Beware of the sneaky ways grocery stores spur spending, and follow our tips to outsmart the system.
1. ENTRANCE AREA
The trap: Stores internally refer to this as the â€œchill zone.â€ And with good reason: This spot primes shoppers with impulse buys like DVDs, bulk goods and holiday products that appeal to them emotionally, says Kit Yarrow, a psychology and marketing professor at Golden Gate University in San Francisco. Itâ€™s designed to make you consider buying, say, a carton of soda for an impromptu barbecue.
What to do: You might think your best bet is to put on blinders here, but thatâ€™ll come back to bite you later on in your shopping trip. Instead, let yourself linger and see these products for what they are: filler items that arenâ€™t on your list. â€œIf you pause now, youâ€™re less likely to impulse-buy the item in the store later on,â€ says Art Markman, a cognitive science professor at the University of Texas at Austin.
2. PRODUCE DEPARTMENT
The trap: Some experts believe fruits and veggies are placed in the front of the store because shopping for healthy food makes you feel less guilty indulging elsewhere. But Paco Underhill, author of Why We Buy, reveals a more straightforward reason: â€œProduce has the highest profit margin, and youâ€™re less disciplined at the beginning of your shop.â€
What to do: Save produce for last; this will prevent overbuying. Plus, produce is less likely to bruise with less time in your cart.
The trap: Too many sales can encourage more spending. â€œThey fire up emotions that override reasoning skills,â€ explains Yarrow. â€œWe think â€˜bargainâ€™ without considering value.â€
What to do: Consider the itemâ€™s real value. â€œIf you would pay full price for it, getting it on sale is a good deal. If not, itâ€™s just the sale talking, so skip it.â€
4. BURIED PRODUCTS
The trap: Stores place popular items in the middles of aisles so you have to pass lots of other items to get to what you need. â€œResearch has shown that people buy whatâ€™s in front of them,â€ says retail science expert Herb Sorensen, author of Inside the Mind of the Shopper.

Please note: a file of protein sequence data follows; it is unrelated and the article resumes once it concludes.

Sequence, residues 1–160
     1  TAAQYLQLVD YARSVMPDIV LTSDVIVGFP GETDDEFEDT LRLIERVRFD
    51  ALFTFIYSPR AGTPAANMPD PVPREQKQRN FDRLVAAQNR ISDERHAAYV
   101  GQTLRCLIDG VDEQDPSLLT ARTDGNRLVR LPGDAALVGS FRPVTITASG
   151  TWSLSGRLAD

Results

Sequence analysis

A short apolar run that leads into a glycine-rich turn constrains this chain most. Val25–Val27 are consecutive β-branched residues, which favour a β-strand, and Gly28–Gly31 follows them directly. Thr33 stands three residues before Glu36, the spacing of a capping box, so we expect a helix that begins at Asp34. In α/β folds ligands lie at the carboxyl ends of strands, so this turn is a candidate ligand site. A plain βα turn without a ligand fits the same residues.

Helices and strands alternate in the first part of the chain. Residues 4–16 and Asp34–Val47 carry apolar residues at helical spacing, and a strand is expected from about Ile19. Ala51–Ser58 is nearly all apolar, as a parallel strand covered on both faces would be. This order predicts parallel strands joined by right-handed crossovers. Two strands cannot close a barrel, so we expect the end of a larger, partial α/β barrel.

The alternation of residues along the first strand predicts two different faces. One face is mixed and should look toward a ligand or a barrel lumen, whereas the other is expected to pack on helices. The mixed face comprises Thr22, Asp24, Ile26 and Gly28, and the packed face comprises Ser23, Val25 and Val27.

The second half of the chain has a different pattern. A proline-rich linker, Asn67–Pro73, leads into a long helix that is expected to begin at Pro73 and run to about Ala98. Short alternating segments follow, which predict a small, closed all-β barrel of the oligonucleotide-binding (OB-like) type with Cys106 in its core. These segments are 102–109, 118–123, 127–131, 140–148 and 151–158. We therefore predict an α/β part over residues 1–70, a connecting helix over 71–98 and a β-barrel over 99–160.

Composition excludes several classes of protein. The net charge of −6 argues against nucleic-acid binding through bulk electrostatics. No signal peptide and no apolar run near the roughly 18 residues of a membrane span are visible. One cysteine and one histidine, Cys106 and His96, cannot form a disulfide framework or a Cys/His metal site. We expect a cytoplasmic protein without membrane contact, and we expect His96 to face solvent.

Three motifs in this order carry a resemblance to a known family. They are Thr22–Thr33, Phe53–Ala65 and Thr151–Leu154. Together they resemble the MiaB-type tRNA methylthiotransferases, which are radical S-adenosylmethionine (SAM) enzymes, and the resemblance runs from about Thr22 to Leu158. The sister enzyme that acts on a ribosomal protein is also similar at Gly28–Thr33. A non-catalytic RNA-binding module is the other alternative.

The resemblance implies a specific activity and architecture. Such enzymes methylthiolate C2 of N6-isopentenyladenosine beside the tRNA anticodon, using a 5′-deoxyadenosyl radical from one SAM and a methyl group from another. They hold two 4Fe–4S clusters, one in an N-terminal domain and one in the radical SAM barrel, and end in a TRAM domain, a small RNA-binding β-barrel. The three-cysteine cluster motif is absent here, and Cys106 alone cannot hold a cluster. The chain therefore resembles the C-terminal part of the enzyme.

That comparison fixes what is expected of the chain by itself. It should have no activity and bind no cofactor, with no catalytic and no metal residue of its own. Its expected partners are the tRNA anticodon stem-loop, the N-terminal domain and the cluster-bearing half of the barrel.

What to do: Keep moving. If it isnâ€™t on your list, skip it. If you still want it before checking out, go back and get it, but chances are â€œyouâ€™ll either forget or find that itâ€™s not worth it to make the trek,â€ says Markman.
5. PRIVATE LABELS
The trap: Shocker: They arenâ€™t always the best deals.â€œMany brand names are fighting to stay relevant by offering sales so that theyâ€™re cheaper than the private label,â€ says Yarrow. As a result, stores are placing their private-label goods in more prominent spots so â€œtheyâ€™re easier to find, making shoppers less likely to notice sales,â€ she adds.
What to do: Comparing prices every single time is a must if you want to be sure youâ€™re getting the best deal.
The trap: â€œEven if youâ€™re not hungry, a bite of food physically signals your body to get ready for a meal,â€ says Markman. Research shows that these physiological changes make you a less disciplined shopper.
What to do: Hold off on samples until the end, â€œright before checkout, so the insulin rush wonâ€™t affect your bottom line,â€ says Markman.
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